Identification of criteria for the prioritisation of patients for elective general surgery

J Health Serv Res Policy. 2004 Jan;9(1):28-33. doi: 10.1258/135581904322716085.


Objective: A single visual analogue scale is used in New Zealand to prioritise patients for elective general surgery. Although it reflects clinical judgement, it has been criticised for its lack of transparency. We wished to elicit generic criteria used by surgeons for prioritisation of patients for elective general surgery in order to improve the transparency of the visual analogue scale.

Methods: Semi-structured interviews were undertaken with 15 general surgeons. Using the repertory grid method, surgeons were asked to explain their rationale for distinguishing between patients they considered a high, medium or low priority for treatment. Interviews were audiotaped, transcribed and analysed for themes. The accuracy of the thematic analysis was checked using a five-point Likert scale to assess surgeons' agreement with the identified themes. Further testing to check for face, content and construct validity was undertaken with a purposive sample of six surgeons prioritising patient vignettes.

Results: Eight major themes were deduced: diagnosis; treatment; patient characteristics; symptomatology and sequelae to date; future complications; quality of life; psychological/emotional impact; and socio-political/logistic factors. The utilisation of these themes by surgeons was confirmed. Tests of collinearity indicated good content validity. Factor analysis confirmed the hypothesis of one underlying construct, namely priority.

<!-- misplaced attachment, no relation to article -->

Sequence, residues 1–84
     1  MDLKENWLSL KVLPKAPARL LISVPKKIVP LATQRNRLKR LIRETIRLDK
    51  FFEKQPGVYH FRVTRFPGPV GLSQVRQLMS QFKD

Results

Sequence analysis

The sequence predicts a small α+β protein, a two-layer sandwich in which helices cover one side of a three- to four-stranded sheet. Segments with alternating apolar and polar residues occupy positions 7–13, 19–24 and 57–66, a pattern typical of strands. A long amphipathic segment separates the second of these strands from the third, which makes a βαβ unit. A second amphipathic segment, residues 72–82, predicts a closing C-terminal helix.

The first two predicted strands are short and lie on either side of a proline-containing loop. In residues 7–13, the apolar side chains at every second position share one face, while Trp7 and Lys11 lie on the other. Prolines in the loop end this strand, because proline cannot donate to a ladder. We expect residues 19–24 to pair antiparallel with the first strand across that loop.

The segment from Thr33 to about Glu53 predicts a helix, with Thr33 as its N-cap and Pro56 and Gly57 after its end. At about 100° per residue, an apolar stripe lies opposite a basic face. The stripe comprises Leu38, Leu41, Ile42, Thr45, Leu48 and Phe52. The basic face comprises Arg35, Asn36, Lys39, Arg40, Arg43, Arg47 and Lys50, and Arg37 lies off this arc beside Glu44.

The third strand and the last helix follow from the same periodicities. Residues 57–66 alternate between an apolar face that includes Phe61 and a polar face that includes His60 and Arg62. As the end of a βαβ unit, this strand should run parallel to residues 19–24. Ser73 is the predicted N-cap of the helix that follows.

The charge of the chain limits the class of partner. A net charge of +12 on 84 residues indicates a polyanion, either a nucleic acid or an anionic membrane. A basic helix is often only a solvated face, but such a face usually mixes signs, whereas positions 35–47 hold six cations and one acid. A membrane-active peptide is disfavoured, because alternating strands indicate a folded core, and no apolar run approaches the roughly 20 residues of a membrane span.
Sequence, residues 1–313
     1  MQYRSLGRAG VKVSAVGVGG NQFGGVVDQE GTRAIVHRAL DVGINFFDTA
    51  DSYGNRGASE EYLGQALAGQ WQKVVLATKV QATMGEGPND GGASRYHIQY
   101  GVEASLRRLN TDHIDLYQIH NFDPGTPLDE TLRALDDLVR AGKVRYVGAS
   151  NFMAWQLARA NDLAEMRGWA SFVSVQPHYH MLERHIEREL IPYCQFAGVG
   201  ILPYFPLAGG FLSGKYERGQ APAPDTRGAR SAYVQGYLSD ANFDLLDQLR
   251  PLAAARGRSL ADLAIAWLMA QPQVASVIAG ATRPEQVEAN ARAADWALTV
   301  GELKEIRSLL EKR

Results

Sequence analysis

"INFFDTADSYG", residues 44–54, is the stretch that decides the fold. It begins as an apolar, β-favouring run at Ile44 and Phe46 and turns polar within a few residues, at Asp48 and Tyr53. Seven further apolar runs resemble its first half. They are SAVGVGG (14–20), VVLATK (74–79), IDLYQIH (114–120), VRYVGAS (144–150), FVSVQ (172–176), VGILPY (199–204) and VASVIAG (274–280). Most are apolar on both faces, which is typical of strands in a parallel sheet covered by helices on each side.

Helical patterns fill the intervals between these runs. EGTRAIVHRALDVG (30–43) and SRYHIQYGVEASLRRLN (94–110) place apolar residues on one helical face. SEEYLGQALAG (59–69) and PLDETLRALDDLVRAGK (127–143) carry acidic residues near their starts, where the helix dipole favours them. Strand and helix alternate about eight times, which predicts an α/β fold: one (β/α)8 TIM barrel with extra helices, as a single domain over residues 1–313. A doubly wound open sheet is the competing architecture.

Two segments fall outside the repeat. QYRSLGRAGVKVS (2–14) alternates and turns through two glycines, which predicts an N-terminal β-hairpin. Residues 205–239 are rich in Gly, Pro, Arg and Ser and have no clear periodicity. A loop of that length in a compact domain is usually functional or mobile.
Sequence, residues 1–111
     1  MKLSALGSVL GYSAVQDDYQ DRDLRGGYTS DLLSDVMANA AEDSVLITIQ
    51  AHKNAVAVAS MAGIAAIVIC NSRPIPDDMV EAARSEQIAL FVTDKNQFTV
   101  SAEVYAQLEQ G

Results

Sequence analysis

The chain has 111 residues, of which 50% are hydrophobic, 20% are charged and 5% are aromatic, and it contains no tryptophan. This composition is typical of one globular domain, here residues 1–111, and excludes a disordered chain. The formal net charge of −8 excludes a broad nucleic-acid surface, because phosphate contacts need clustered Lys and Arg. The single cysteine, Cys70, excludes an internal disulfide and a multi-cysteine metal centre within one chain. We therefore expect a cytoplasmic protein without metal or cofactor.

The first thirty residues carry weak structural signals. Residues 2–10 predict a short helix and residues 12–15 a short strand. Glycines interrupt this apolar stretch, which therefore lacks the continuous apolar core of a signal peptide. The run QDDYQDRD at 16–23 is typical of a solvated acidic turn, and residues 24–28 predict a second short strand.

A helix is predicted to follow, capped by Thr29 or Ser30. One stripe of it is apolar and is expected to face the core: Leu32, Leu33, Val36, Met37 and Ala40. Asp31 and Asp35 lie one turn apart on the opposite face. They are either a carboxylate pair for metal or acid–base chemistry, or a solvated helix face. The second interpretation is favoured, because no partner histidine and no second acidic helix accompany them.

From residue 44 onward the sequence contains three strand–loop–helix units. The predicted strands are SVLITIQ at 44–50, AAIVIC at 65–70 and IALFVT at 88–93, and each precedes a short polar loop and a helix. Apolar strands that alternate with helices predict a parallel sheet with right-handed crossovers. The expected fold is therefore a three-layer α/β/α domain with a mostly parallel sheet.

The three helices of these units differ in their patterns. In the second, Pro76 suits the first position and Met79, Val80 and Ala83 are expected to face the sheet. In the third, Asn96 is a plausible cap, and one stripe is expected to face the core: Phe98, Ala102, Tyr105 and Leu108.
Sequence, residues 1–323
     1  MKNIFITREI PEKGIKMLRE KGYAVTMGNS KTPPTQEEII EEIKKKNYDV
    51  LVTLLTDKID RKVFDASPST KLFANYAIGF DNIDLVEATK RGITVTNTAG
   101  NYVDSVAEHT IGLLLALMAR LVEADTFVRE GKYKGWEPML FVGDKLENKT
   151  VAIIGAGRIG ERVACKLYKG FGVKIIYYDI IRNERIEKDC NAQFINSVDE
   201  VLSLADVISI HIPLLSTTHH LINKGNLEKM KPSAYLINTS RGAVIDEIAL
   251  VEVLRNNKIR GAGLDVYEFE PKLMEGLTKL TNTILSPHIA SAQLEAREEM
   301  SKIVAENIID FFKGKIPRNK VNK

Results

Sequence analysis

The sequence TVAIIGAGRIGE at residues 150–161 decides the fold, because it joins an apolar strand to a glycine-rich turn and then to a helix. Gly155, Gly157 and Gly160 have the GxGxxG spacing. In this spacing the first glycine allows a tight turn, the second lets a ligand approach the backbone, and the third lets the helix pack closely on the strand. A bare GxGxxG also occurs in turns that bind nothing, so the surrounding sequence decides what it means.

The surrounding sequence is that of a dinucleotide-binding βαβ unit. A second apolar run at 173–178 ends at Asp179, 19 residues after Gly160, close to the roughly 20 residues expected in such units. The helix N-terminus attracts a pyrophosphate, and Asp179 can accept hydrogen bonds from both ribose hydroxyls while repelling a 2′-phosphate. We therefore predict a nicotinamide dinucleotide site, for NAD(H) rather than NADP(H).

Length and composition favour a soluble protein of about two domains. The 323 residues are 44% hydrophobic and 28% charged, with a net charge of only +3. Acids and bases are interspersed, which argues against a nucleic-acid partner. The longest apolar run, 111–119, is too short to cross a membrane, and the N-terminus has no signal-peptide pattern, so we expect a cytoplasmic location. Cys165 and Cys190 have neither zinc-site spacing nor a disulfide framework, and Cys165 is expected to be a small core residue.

Conclusion: Seven of the themes became the basis for a new clinical priority assessment criteria tool using visual analogue scales to determine priority of patients for elective general surgery. Further testing of reliability and validity is needed.

MeSH terms

  • Attitude of Health Personnel*
  • Decision Support Techniques*
  • Elective Surgical Procedures / statistics & numerical data*
  • General Surgery
  • Health Care Rationing / methods*
  • Humans
  • Interviews as Topic
  • New Zealand
  • Pain Measurement
  • Patient Selection*
  • Process Assessment, Health Care
  • Quality of Life
  • Socioeconomic Factors
  • Triage / methods
  • Waiting Lists